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The Dangerous Art of Blending In

Surmelis’ novel is rewarding in spite of its difficult subject matter.
Photo: Genessa Gutzait · The Sentry

A tough but engaging read

The Dangerous Art of Blending In by Angelo Surmelis is a tough read. The book tells the story of Evan, a Greek-American, closeted gay teen as he deals with his physically, mentally, emotionally, and verbally abusive mother, who claims he is evil and full of sin.

The scenes in this book are exceptionally well-written giving the reader a vivid picture of Evan. The Dangerous Art of Blending In is a page turner, but with every page, the reader can see just how broken Evan is inside. Surmelis does a fantastic job of accurately portraying the abuse Evan’s mother gives, because he experienced many of the events that take place in this book in his own life. 

The topic of homophobia is prevalent throughout this book and is mostly portrayed through the thoughts and beliefs of Evan’s mom. This aids the reader in understanding the negative effects that the hateful thoughts and harmful actions of people who are homophobic have on those they oppress.

The use of first person and  present tense through the eyes of Evan helps the reader feel more empathy for him. The narration is permeated by devastating thoughts, such as “the person who was supposed to love me the hardest—the most unconditionally—has always wanted me gone.” These heartbreaking statements amplify the emotional aspect of the novel, as Evan’s pain becomes all too real for the reader, stirring sympathy within them. These comments help the reader make sense of the never-ending trauma that Evan experiences.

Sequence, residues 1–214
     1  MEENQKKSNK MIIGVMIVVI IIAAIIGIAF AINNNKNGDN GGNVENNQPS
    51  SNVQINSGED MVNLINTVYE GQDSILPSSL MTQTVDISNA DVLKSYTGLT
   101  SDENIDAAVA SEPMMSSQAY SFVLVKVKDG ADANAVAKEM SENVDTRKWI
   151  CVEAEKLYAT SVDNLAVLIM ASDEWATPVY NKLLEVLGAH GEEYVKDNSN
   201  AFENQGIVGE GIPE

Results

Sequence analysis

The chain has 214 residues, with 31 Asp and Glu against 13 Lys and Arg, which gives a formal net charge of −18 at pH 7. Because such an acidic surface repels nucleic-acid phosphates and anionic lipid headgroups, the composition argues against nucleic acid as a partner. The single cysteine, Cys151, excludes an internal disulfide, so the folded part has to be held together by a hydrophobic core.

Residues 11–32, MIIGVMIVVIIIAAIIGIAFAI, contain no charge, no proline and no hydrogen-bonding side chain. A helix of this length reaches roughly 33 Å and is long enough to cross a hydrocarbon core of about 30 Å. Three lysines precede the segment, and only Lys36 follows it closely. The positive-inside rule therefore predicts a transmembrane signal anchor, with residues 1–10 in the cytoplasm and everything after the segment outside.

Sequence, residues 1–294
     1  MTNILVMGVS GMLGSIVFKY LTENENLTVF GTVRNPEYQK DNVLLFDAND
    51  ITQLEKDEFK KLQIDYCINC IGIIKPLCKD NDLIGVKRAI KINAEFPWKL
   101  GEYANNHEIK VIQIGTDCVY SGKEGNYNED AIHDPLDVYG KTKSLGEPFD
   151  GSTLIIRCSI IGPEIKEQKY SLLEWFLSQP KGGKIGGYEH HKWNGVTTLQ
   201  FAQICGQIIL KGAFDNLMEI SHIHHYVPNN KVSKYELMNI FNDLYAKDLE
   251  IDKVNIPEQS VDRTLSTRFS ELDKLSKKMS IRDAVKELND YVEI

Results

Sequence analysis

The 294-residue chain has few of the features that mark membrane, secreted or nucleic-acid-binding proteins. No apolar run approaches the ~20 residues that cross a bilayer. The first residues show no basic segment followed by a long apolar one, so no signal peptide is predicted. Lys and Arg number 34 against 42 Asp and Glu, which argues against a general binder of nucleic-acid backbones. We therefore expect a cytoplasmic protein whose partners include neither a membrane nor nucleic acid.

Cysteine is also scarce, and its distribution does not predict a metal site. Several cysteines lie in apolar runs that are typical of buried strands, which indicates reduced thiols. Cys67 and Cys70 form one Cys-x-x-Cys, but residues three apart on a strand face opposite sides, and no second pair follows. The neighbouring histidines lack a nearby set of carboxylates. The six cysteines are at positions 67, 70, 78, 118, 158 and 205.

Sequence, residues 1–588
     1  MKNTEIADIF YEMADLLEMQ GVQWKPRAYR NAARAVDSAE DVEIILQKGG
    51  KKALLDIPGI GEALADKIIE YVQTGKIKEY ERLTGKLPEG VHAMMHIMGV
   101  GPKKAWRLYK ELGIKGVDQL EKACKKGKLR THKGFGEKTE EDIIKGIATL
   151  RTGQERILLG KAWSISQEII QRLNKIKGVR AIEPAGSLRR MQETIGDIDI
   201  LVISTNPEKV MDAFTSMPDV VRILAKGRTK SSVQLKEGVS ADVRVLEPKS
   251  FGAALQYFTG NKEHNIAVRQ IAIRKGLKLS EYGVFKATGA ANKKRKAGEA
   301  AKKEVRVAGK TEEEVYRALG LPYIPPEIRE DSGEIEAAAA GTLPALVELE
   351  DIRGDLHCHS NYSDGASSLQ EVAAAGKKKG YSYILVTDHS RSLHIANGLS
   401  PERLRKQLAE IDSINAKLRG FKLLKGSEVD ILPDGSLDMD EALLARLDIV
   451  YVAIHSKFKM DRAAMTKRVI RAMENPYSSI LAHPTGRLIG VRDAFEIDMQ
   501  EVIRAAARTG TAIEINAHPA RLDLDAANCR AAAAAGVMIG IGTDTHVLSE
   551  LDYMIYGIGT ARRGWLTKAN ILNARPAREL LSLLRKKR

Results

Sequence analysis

The clever use of backstory helps add a complexity to Evan’s mother, who throughout much of the book reads as a two-dimensional character. But by adding some flashbacks and talking about her life before Evan’s dad and Evan, this helps her come to life as a villain with an emotional core.

The Dangerous Art of Blending In is a book that will stick in readers’ minds for a very long time after finishing. This book is compelling in so many ways because it is eye-opening to two very important topics: abuse and homophobia.

Much of the time, a book like The Dangerous Art of Blending In, which covers such serious topics, is skipped over because people want to read something happy. Admittedly, even Surmelis realizes the depressing nature of his story and includes a list of resources for those struggling with abuse and bullying in the author’s notes. However, sometimes it’s good to step out of one’s comfort zone to experience other topics and ideas.

The Dangerous Art of Blending In is an emotional journey, and it shows a bittersweet reality given through the perspective of a young boy’s thoughts and experiences as he searches for something resembling home.

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